I have developed and edited his synopsis using the trial transcript as my evidence removing some errors and cross-referencing to the trial transcript (text in blue). Click here for the full story.

Hannah Barnard                                                             1881

In 1881 Hannah was living with 4 of her children at 159 Manor Place and she had begun work in the fish trade - assisted by her two older sons. Her son Isaac would remain in this business for the rest of his life. Hannah’s involvement in the fish trade may have come about through her relationship with John Barrett - see 1891.

1881 Hannah Barnard

Helen (16), Lillian (11), Caroline (10) and Fanny (8) are missing from the family. Caroline was staying with her grandfather - see henry Barnard 1881. For news of Helen, Lillian and Fanny see below.

The rest of the Barnard Family                                           1881                                                

In 1881 Helen - now called Nelly - is living with her sister Lily at 142 Lower Kennington Lane. This had been the address of Frederick & Hannah and family in 1871. The occupation for both girls is given as ‘Serve in a Shop’. Their relationship to Head of household is given as Daughter, although no ‘Head’ is listed. (I did check the previous page.) Moreover, there appear to be two other families living at the same address. A probable scenario is that Hannah now owns the house and parts of it are let out to the Step and Bird families while Hannah herself with 4 of her children lives above the fishmongers shop in Manor Place.

1881 Helen (Nelly) Barnard 

However, I could not find Fanny Barnard in the 1881 census.

Tony Barnard told me that Fanny grew up (perhaps from the age of about 3) with her aunt Fanny (her mother's sister) and uncle Philip Phillips. I understand that he learned this through correspondence with Fanny’s granddaughter, Ann. I have found Philip and Fanny Phillips in 1981 and they do have an 8 yr old Fanny with them but she is recorded as their own daughter Fanny Phillips. However, I understand that, according to Jewish tradition, children are not named after living relatives so it is unlikely that this 8 year old is really their daughter. More probably the census enumerator just made this error when recording and this is indeed their niece, Fanny Barnard.

I have found an 18 year old Fanny Barnard in 1891 - with Joseph & Elizabeth Phillips - but recorded as 'servant'. This is annoying as no family connection is established and I thus cannot be sure it is our Fanny.  However, Tony Barnard told me that Joe and Lizzie Phillips were actually related to Fanny.  Lizzie was her first cousin (via their mothers), but Joe was not (blood) related so there was no family relationship to the head of household to be entered in the census. In 1899 Fanny Barnard married William Calder.

It seems reasonable to conjecture that after the lives of Hannah Barnard and her many children were tragically disrupted in 1876 Hannah’s sister, Fanny Phillips and her husband Philip took in the 3-year-old Fanny Barnard to ease the strain for Hannah.

Hannah Barnard (Hannah Barrett)                                         1891

In 1891 Hannah is living with John Barrett - supposedly his ‘wife’ although I can find no evidence of a marriage. She has taken his name but this is clearly our Hannah as two of her children Caroline and Louis are with them - designated as stepson and stepdaughter of John. John’s occupation is given as ‘Haddock Curer Fish’.

1891 Hannah Barnard (Barrett)

I have tried to find something of the earlier history of John Barrett but I cannot find anyone of this name in the fish trade in 1881 or 1871. Without a link to this occupation there are far too many options.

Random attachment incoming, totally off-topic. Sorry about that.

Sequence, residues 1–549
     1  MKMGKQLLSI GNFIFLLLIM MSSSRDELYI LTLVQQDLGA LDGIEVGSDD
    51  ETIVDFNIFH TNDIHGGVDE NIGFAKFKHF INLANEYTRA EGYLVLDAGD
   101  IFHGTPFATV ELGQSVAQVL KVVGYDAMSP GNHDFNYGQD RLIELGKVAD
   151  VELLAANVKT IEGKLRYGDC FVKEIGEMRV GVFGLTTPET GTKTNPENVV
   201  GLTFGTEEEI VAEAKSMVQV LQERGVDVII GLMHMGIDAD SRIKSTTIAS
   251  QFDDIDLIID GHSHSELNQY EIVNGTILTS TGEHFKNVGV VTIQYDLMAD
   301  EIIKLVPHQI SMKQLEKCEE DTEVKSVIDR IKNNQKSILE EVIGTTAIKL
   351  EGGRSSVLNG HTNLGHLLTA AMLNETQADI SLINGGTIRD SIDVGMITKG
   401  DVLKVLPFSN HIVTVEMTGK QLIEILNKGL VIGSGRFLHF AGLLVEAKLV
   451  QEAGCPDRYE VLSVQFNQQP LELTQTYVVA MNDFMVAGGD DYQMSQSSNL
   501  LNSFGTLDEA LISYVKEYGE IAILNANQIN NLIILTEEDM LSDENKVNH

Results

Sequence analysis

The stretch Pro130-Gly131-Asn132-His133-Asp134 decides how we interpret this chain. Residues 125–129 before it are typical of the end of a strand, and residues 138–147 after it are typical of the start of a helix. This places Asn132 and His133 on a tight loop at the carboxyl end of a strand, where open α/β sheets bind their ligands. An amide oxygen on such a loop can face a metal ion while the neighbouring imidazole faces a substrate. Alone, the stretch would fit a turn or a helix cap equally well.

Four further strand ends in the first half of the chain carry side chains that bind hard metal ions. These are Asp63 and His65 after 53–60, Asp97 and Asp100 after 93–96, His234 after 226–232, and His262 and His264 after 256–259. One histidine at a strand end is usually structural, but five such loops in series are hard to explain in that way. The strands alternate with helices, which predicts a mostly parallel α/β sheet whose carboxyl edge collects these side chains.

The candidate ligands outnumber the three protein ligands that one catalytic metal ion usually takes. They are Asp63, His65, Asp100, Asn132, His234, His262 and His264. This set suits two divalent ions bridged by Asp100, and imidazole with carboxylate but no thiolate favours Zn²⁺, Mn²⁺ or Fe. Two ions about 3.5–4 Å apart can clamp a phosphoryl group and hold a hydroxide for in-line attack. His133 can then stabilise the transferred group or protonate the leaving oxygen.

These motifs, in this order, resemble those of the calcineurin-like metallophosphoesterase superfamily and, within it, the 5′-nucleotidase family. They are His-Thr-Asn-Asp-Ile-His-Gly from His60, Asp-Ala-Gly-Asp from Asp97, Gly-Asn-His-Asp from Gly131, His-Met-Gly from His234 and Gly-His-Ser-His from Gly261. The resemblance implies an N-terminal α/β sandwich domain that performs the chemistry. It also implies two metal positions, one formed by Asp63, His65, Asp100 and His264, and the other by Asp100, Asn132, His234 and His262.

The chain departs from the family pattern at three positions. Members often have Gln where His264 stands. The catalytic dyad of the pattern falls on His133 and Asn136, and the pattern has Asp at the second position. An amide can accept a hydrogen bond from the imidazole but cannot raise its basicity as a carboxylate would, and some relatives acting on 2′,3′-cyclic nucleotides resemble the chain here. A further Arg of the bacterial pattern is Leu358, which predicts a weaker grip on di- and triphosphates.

It seems likely that Hannah’s association with John Barrett came about through the fish trade, into which several members of the family would follow. Two years before this, in 1889, Hannah’s son Isaac married into the fish trade when he wed Sarah Phillips whose father was a retired fishmonger. Perhaps Hannah and John met chez Phillips.

Hannah Barnard (Hannah Barrett)                                         1901

In 1901 these four are still together but the quality of the document is even poorer. They were hard to find because of some mis-transcriptions but I found them though Caroline. The address looks like Dalbiac Street but I cannot find a street of that name in London today. 1901 Hannah Barnard (Barrett)

Hannah Barnard (Hannah Barrett)                     Death 18th June 1907

I failed to find Hannah in 1911. I looked for her with her children. I located Louis and Henry and Isaac’s widow (Isaac died in 1907) and she was not with any of them. So I looked for a death between 1901 and 1911 and found one recorded in the name of Hannah Barrett - so I sent for the death certificate.

This death certificate tells an interesting story.

The original certificate is in the name Hannah Barnard Barrett and the death was registered by Jack Barrett on 19th June 1907. But look at the correction in the right hand margin (shown in the bottom box in the transcript below). It looks as though Caroline made him go along to change the certificate to show that he and Hannah were never married! One wonders why it mattered to her - a marriage between her and Jack would have been perfectly OK as he was a widower anyway. Perhaps there was an inheritance issue? 

John (Jack) Barrett                                                        1911

Tony Barnard told me that John Barrett later married his step-daughter Carrie (Caroline). He had learned this from Betty, a family member, who told him she remembered visiting "Uncle Jack and Aunt Carrie" and their two boys in their home in Annerley.

The 1911 Census verifies this story. Here are Jack and Caroline (almost half his age) with their two children. They did not waste much time after Hannah’s death as they married in 1907. Cassie Rowe, who is living with them, is the daughter of Caroline’s sister Lillian who was married to Charles Rowe.

1911 England Census for Caroline Barrett

The name John or Jack Barrett is too common for me to find a safe bet for his death.